Give the Gift of Life

Photo courtesy of Life Goes On

Life Goes On, Illinois Secretary of State

Photo courtesy of Life Goes On

Organ donation is a selfless gift to someone whose life would greatly benefit if received. For some people, the need for organ transplantation is a life-or-death situation; for others, it would significantly improve their quality of life. Organ donation affects not only the patient receiving it but also the recipient’s family members, friends, and their community.

According to the Organ Procurement and Transplantation Network, there are over 116,000 people in need of organs in the United States, and it grows daily. Approximately 20 people die per day waiting for organs, 8,000 annually, which could be much lower if more people were willing to sign up to donate. Today, more than 40,000 transplants occur annually, but as you can see, it is not enough. According to, 95% of people agree that organ donation is important; however, only an average of 50-60% of people are registered to donate.

Donating organs is a selfless act that can affect thousands of children, women, and men from all races and ethnicities. One donation can save up to eight lives and enhance the lives of 75 more with tissue donation. Organs that save a life include the heart, lungs, liver, and small intestines. Organs and tissue that greatly enhance a person’s quality of life are kidneys, pancreas and islets, skin, corneas, heart valves, bones, veins, tendons, and ligaments. The transplanted kidney can free a person from receiving dialysis three days a week, a time-consuming, expensive, and exhausting treatment. It also enhances survival compared to remaining on dialysis. Corneas give the gift of sight, and a burn victim benefits from a skin donation.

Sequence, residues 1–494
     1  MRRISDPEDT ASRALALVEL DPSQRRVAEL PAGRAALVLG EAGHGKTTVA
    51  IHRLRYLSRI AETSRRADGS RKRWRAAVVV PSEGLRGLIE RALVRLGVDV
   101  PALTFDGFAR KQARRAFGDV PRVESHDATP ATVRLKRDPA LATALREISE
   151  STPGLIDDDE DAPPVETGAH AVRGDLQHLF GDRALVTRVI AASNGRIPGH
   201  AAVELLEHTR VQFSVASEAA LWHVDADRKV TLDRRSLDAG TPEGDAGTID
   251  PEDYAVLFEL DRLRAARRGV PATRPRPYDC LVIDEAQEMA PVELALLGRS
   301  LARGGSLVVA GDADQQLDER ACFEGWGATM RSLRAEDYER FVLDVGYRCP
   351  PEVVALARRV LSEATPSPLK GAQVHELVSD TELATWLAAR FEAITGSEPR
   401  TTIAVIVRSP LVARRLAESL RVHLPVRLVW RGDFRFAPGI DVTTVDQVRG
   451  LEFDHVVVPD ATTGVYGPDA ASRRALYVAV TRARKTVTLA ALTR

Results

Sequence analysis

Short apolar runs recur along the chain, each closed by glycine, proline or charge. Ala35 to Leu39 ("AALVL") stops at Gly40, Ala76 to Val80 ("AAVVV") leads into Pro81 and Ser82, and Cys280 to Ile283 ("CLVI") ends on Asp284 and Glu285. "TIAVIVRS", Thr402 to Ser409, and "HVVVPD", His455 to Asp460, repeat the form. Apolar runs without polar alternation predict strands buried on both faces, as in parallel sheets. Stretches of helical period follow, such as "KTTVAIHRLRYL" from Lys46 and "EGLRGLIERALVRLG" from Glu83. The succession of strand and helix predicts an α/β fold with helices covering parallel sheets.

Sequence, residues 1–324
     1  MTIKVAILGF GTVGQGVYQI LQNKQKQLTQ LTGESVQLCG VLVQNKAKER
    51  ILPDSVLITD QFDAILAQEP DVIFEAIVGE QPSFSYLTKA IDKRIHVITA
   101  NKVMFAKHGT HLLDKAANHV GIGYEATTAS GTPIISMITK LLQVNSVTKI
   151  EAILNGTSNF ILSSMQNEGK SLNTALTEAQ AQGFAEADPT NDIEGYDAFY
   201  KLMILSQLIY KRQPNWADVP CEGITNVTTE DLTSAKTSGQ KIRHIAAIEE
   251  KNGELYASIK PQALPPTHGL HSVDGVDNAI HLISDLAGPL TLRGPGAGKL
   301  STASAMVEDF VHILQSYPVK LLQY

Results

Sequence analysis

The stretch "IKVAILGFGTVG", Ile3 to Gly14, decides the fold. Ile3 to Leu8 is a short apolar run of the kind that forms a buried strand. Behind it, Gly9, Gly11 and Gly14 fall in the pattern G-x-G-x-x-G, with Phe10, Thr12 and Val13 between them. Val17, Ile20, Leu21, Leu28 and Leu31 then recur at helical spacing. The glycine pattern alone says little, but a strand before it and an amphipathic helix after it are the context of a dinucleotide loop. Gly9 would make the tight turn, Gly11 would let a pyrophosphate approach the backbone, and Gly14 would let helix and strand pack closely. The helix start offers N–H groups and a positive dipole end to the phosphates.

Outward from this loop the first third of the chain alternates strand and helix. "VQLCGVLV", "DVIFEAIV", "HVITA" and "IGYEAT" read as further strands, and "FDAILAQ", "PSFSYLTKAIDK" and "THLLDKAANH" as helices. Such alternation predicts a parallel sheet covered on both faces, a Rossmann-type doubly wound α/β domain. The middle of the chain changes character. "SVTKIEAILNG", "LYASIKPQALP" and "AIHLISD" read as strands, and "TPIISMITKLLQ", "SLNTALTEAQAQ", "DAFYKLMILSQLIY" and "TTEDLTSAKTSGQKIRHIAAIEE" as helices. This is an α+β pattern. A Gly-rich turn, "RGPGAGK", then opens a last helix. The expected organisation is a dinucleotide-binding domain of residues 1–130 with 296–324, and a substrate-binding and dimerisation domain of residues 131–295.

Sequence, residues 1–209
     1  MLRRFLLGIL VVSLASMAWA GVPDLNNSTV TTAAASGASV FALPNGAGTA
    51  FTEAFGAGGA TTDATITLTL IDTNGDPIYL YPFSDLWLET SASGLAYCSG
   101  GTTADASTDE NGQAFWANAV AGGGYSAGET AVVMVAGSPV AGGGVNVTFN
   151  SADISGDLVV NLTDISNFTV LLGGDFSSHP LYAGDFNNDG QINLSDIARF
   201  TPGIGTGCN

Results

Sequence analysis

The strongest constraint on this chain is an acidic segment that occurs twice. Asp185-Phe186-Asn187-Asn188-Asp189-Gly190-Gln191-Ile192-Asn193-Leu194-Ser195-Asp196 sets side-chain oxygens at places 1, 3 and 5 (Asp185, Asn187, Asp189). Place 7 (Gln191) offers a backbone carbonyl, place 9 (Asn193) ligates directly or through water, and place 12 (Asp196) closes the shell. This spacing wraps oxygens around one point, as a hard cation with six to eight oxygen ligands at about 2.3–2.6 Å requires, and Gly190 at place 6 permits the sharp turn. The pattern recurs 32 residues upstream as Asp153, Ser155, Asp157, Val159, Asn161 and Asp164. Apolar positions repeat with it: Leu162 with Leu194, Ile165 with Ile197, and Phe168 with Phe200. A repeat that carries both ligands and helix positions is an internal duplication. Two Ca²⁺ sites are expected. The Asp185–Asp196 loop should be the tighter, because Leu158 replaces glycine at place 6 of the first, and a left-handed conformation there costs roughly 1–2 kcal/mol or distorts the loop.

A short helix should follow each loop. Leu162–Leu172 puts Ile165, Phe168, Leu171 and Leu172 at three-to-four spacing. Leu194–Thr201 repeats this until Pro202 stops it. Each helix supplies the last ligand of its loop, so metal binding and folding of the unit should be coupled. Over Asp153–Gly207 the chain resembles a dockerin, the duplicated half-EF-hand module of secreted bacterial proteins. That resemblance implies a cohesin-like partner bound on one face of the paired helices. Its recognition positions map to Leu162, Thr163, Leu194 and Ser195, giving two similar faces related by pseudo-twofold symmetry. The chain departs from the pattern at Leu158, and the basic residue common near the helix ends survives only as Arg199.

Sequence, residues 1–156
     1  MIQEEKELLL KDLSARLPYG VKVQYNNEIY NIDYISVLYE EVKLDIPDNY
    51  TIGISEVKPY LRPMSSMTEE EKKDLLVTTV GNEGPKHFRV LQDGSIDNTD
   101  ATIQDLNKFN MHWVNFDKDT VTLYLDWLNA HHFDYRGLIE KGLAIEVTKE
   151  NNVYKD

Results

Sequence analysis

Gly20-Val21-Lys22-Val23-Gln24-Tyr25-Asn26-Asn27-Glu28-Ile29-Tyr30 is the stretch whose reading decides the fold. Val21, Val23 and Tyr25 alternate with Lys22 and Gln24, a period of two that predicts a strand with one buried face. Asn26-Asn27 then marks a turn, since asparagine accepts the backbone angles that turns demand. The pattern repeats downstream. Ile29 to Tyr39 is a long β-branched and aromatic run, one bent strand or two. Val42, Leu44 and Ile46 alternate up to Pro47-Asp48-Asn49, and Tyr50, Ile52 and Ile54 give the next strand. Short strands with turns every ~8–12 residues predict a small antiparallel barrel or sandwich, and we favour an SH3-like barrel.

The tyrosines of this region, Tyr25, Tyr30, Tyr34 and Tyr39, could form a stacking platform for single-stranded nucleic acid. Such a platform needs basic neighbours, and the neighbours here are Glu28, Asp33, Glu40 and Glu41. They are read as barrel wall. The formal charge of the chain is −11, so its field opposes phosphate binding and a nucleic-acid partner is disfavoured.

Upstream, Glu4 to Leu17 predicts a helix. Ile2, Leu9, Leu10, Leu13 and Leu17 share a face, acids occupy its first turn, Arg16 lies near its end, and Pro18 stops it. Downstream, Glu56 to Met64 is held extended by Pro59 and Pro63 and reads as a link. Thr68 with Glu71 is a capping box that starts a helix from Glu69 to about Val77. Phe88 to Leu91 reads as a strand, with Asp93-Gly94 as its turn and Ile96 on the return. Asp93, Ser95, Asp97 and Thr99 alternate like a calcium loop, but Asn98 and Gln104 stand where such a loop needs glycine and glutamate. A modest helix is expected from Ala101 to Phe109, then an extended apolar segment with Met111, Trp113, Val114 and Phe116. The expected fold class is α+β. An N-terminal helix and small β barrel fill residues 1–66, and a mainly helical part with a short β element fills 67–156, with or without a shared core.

Organ donations are not limited to donations from deceased persons. Living donors make up about 40% of organs and tissue donated. Living donors can donate a single kidney, a portion

of the liver (it grows back), a section of the lung, bone marrow, and blood products. Donations can be for family or friends or given to strangers through an altruistic act of kindness.

The Mayo Clinic addresses some myths that may preclude people from donating after death, include fear of a decrease in effort by the healthcare team to save the patient’s life, inaccurate religious assumptions that there is a cost to donate, the body will be used and discarded, and thoughts of being too old or too young. The medical team caring for the patient during life is separate and distinct from the organ procurement organization. The medical team’s efforts and goal are to save a life. Organ donation is only considered once the patient is medically determined to be brain dead or that further care is futile. Many religions support organ donation calling it the final act of love and generosity to fellow human beings. The is no cost to donate. The body is treated with the utmost respect due to the unselfish nature of the act. Bodies are then delivered to the final destination, including an open casket if requested. People cannot assume they are too old, too young, or limited by past medical conditions to donate.

I have worked in the hospital setting as a nurse for many years. In doing so, I have witnessed many deaths and watched the struggle of the family members trying to decide if they should donate the deceased’s organs. I encourage you and your family to make that decision now so everyone is aware and that burden of that choice does not rest on your family during a time of deep sorrow.

Family members whose loved ones have donated organs after death testify that the donation was a rewarding, positive experience. It helped the grieving process to know that someone else’s life was saved or improved. Signing up to donate is a legally binding directive that will be honored at the time of death if feasible. Nonetheless, it is helpful to the health care system and your family to have discussed this decision with them ahead of time. It saves

precious time from when the process begins to the time of transplant and reduces anguish from an otherwise difficult, emotional, and stressful situation.

For more information, to read testimonials, and to sign up, you can look up,, or your local Department of Motor Vehicle website. Register to donate through your state of residence in the donor registry.




Mayo Clinic staff. (2021, May 15). Organ donation: Don’t let these myths confuse you. Mayo Clinic. Retrieved September 3, 2022, from

National data. (2022, August 29). Organ Procurement and Transplantation Network. Retrieved September 3, 2022, from

Organ donation faq. (2022, March). Health resources and service administratin. Retrieved September 3, 2022, from

Why is organ donation important? (2022, March 22). Integris Health. Retrieved September 3, 2022, from